The Politics of Sodomy: Not Whether But Which

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In many respects, we are like a man who lives in a house that is increasingly cluttered and trashed. When the day finally arrives when it becomes obvious that he must do something, it is equally obvious at the same time, that he has no idea what to do, or where to start. He is overwhelmed at the magnitude of the problem. It is the same with us as we consider the politics of sodomy. We want to put things right. Where do we go to begin? Do we go back to the sixties? The New Deal? The War Between the States? The Enlightenment? And the answer is yes.


And Jesus knew their thoughts, and said unto them, Every kingdom divided against itself is brought to desolation; and every city or house divided against itself shall not stand: And if Satan cast out Satan, he is divided against himself; how shall then his kingdom stand? And if I by Beelzebub cast out devils, by whom do your children cast them out? therefore they shall be your judges. But if I cast out devils by the Spirit of God, then the kingdom of God is come unto you. Or else how can one enter into a strong man’s house, and spoil his goods, except he first bind the strong man? and then he will spoil his house. He that is not with me is against me; and he that gathereth not with me scattereth abroad (Matt. 12:25-30).


Jesus is speaking in the first place about the kingdoms of God and Satan respectively. He had been accused of fighting Satan even though His accusers said He was on Satan’s side. Jesus responds by saying that a house divided cannot stand, and so Satan would not be so foolish (vv.25-26). Jesus goes on to say if His power over Beelzebub was a demonic power, then what power was being used by His adversaries’ children (v. 27)? But if Jesus is empowered by the Spirit of God, then the kingdom of God really had come to them (v. 28). And, continuing the argument, if the kingdom of God has come, why should anyone be surprised that the strong man’s house was being pillaged? The strong man was bound, wasn’t he? And then Jesus says what we all need to hear—one who is not with Christ is against Christ. One who does not gather with Christ is attempting to scatter (v. 30).


The claims of Christ are therefore total. There is no way to read through the New Testament and miss this. The claims of Christ are total. He is the King of kings, and the Lord of lords. He has been given all authority in heaven and on earth, and over any creature that can be named. Christ is King. Jesus is Lord. This is the basic Christian confession (Rom. 10:9-10). And here, if you are not with Him, you are therefore against Him. There is no spiritual equivalent of Switzerland. In the cosmic war between in light and darkness, there are no neutral parties, and there is no third way. There are only two activities in every realm of human existence, and those two activities are obedient gathering and disobedient scattering. Only two.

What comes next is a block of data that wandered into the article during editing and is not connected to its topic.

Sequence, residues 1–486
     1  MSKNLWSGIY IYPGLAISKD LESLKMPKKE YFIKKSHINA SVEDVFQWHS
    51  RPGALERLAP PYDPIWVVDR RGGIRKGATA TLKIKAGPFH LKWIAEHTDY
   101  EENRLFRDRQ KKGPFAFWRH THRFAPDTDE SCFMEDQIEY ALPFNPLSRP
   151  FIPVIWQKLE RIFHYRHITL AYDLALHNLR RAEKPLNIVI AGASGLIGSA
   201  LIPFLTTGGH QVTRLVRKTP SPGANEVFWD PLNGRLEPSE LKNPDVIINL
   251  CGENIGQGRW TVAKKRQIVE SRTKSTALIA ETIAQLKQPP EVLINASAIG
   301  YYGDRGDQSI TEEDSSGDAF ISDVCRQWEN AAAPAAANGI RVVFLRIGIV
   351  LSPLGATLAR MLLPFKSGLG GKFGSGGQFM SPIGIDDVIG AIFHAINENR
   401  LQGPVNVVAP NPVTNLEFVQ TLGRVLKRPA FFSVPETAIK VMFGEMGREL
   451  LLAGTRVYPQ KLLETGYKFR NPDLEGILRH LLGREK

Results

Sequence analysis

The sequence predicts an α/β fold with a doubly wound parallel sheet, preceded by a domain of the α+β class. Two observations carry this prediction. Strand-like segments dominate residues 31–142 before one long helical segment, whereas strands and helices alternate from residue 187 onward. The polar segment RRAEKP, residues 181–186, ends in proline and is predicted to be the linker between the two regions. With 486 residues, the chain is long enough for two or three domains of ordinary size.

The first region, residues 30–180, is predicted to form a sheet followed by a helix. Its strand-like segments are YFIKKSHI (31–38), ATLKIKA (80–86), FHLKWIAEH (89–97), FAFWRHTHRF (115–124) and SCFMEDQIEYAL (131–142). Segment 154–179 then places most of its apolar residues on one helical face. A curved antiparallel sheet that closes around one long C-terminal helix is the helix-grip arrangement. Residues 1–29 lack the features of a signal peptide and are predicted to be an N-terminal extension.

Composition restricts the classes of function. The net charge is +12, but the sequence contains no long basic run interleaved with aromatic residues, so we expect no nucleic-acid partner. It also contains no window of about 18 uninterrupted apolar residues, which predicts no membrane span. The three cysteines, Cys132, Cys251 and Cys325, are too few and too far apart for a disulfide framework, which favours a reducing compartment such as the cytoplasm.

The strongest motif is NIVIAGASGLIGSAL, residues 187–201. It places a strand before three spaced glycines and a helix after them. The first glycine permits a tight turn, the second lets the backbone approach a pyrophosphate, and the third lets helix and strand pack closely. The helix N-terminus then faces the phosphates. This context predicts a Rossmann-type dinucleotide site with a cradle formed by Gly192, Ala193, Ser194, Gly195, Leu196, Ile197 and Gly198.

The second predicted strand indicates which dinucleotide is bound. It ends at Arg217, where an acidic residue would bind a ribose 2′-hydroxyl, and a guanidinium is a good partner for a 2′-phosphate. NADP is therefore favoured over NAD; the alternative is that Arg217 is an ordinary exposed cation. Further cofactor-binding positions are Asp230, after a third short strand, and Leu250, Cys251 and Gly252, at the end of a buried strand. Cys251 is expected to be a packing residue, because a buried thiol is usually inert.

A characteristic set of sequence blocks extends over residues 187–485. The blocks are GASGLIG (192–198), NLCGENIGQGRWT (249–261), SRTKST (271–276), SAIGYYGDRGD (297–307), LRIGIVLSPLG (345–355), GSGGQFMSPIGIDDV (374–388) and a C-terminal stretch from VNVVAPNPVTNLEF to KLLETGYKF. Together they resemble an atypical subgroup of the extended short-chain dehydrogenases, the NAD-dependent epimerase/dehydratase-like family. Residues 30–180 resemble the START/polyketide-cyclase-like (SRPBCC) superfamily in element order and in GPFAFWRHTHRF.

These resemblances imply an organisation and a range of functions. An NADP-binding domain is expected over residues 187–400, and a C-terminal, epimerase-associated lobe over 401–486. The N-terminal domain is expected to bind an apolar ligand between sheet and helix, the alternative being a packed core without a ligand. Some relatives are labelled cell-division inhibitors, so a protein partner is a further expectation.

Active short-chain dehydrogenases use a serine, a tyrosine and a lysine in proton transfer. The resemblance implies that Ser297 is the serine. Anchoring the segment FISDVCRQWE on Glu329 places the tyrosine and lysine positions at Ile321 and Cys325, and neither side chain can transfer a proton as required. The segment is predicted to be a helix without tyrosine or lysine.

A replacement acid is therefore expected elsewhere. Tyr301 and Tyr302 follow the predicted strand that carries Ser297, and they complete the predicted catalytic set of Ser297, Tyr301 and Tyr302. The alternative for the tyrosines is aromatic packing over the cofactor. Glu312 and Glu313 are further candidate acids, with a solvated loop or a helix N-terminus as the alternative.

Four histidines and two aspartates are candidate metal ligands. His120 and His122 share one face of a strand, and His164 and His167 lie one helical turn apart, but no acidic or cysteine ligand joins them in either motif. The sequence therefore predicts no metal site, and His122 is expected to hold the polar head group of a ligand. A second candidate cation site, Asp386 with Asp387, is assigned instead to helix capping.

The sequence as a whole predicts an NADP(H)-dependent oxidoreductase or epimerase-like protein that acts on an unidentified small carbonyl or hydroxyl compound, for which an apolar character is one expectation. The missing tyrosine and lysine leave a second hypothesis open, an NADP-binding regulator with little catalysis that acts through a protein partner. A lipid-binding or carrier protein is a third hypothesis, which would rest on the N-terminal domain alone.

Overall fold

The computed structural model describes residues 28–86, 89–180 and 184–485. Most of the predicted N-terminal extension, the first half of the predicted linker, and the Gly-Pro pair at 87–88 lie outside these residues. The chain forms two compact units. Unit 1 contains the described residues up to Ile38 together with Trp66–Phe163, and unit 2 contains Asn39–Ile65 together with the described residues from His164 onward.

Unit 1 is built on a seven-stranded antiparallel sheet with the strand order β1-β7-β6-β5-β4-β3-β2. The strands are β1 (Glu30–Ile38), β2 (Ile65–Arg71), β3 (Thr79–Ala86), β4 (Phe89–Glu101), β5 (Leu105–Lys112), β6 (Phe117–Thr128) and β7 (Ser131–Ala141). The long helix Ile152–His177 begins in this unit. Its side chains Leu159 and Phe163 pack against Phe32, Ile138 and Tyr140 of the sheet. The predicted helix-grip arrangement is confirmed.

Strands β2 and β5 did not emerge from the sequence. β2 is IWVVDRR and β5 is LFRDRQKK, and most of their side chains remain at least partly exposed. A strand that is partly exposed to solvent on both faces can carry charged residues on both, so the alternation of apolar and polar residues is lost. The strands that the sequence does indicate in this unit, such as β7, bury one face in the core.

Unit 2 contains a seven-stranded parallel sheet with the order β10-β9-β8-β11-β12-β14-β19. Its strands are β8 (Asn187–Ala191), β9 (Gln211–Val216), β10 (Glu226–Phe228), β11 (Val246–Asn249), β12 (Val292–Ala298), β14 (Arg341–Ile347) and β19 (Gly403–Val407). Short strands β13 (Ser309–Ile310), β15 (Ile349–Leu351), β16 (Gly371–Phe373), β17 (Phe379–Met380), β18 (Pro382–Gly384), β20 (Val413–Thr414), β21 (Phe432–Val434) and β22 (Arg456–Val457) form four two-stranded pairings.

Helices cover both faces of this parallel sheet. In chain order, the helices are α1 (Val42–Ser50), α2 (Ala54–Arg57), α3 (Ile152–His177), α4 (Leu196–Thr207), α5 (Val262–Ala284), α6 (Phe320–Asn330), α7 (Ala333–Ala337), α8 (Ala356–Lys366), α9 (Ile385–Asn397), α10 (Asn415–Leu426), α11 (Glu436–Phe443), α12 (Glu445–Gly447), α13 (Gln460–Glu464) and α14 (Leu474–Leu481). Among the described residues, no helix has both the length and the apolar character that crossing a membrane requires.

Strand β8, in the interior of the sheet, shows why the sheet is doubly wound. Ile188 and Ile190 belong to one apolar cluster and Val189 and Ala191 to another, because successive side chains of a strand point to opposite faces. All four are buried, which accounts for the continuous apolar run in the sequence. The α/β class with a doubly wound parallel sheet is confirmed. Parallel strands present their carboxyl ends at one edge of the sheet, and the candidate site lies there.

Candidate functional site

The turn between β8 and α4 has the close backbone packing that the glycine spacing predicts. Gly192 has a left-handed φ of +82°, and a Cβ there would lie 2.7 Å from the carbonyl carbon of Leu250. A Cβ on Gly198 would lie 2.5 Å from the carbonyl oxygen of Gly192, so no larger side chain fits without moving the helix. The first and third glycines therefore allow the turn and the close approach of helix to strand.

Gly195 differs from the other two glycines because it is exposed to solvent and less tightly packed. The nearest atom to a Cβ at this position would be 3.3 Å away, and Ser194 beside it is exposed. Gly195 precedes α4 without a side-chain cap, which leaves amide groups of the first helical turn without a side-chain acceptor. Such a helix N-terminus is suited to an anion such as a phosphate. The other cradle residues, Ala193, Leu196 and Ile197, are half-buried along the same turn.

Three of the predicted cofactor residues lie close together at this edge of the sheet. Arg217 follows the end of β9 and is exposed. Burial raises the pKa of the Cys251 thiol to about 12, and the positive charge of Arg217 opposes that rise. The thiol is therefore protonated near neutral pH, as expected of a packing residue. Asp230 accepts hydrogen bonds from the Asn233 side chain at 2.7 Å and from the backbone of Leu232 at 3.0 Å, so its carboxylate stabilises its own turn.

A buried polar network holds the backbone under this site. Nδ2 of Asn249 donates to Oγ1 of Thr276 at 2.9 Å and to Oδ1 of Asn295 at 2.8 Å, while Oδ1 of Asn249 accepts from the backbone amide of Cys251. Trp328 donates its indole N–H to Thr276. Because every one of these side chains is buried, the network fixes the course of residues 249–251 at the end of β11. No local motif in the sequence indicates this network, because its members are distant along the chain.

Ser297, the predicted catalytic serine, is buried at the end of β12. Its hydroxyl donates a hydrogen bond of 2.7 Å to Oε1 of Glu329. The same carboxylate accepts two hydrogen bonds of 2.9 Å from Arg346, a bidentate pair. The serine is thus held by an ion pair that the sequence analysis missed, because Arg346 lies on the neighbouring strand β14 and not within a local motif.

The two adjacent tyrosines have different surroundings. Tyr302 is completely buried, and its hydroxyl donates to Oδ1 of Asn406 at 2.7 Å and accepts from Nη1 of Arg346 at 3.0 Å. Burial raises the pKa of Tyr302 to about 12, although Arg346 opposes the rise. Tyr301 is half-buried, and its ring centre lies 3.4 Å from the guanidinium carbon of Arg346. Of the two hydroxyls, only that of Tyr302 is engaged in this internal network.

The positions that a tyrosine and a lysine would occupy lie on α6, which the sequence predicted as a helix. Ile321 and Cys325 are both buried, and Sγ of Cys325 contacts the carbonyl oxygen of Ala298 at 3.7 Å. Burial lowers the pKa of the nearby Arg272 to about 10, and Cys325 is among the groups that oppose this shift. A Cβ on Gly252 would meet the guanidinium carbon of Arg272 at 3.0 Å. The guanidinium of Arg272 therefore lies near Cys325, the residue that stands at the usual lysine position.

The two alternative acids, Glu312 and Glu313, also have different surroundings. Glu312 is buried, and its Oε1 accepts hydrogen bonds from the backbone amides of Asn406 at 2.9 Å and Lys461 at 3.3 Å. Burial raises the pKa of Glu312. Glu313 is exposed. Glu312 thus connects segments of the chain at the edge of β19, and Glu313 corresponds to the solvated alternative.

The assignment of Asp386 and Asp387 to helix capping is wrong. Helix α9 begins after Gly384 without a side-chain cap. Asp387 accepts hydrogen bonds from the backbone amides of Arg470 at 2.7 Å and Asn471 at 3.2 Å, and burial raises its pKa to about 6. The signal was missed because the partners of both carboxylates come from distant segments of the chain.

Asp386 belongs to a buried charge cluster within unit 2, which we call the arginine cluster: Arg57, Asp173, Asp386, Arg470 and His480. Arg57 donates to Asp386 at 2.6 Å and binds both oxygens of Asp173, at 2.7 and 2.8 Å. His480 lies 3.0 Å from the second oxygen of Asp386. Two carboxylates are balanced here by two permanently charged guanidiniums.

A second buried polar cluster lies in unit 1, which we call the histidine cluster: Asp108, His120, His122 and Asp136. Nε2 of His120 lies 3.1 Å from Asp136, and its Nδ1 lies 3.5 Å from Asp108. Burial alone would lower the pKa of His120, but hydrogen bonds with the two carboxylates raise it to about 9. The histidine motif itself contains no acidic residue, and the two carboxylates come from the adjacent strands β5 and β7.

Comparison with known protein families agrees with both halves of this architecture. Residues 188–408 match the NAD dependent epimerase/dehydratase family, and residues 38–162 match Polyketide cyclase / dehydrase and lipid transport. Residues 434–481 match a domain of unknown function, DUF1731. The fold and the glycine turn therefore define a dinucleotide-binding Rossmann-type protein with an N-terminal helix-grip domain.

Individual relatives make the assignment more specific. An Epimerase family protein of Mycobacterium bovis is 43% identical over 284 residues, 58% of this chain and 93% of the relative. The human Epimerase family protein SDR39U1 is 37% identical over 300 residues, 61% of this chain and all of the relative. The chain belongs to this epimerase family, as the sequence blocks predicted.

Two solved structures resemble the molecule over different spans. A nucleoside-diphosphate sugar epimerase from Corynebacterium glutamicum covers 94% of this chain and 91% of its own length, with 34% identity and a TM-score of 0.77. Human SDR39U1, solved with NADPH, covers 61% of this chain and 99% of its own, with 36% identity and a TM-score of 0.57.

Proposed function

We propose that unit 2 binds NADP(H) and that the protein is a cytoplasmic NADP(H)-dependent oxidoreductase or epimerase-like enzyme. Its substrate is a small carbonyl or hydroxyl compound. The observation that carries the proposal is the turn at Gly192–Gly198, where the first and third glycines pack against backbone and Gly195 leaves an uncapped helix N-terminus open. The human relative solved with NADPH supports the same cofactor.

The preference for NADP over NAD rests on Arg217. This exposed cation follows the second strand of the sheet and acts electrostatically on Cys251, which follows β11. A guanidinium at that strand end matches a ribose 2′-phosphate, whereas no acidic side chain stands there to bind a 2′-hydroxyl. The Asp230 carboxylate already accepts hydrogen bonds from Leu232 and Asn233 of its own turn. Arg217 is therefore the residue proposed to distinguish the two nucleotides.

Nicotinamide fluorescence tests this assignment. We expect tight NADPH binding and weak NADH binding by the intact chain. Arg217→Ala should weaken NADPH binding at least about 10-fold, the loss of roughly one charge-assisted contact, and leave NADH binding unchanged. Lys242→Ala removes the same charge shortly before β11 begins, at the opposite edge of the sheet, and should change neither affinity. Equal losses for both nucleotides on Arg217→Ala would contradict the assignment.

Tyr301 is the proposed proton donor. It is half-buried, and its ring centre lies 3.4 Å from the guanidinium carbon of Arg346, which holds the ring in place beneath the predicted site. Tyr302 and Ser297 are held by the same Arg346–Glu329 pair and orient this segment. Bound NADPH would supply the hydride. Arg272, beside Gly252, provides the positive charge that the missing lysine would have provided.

Obviously, these total claims on the part of Christ won’t do. We need to have our personal space. We need to protect our favorite forms of autonomy. But at the same time, those of us who are religious, particularly in the Christian Lite Community of Faith, need to give some sort of lip service to the language of totality that comes up so often in Scripture. We should want to bring every thought captive, the apostle Paul says (2 Cor. 10: 5).

Obviously, we have to figure out a way to use this kind of total language while ensuring that it remains partial in effect. God calls this sort of thing by the name of hypocrisy.




We have developed various intellectual tricks for doing this, and we may describe these tricks as forms of American individualism, gnosticism, constitutionalism, or rationalism. A man can pick one of the following, or mix up his own combinations. Disobedience can take many forms.

Individualism: in this view, Jesus is Lord of my heart, and that which is outside the realm of my heart. This is not thought of as partialism because the heart is what counts, right? But Jesus is Lord of your toes as well as your heart, and your world as well as your heart.

Gnosticism: in this perspective, Jesus is Lord of spiritual things, not thought of as the Lord over foreign policy, sewage disposal, botany, law, and weed control. But Jesus is Lord of both heaven and earth, and every manifestation of culture.

Constitutionalism: this excuse points to the non-establishment clause of the First Amendment, misunderstanding that amendment in a grotesque fashion. But Jesus is the King of the United States.

Rationalism: this is the approach that appeals to natural law, but to a natural law that is sure to exclude the revelation of God in Christ. But natural law is fulfilled in Christ.




All culture is religious, and the only question to consider is whether it is faithfully religious or idolatrously religious. It has been said that all culture is religion externalized, but even this helpful insight can be interpreted in too weak a fashion. All culture is religion. Turning Henry Van Til’s insight around, we should say that all religion is culture internalized.

So the question is not whether our culture has a god, but rather which god it has.

The question is not whether we will impose morality, but rather which morality it will be.

The question is not whether we will restrict blasphemy, but rather which blasphemy.

And it is not whether we will embrace sexual politics, but rather which sexual polis it will be.


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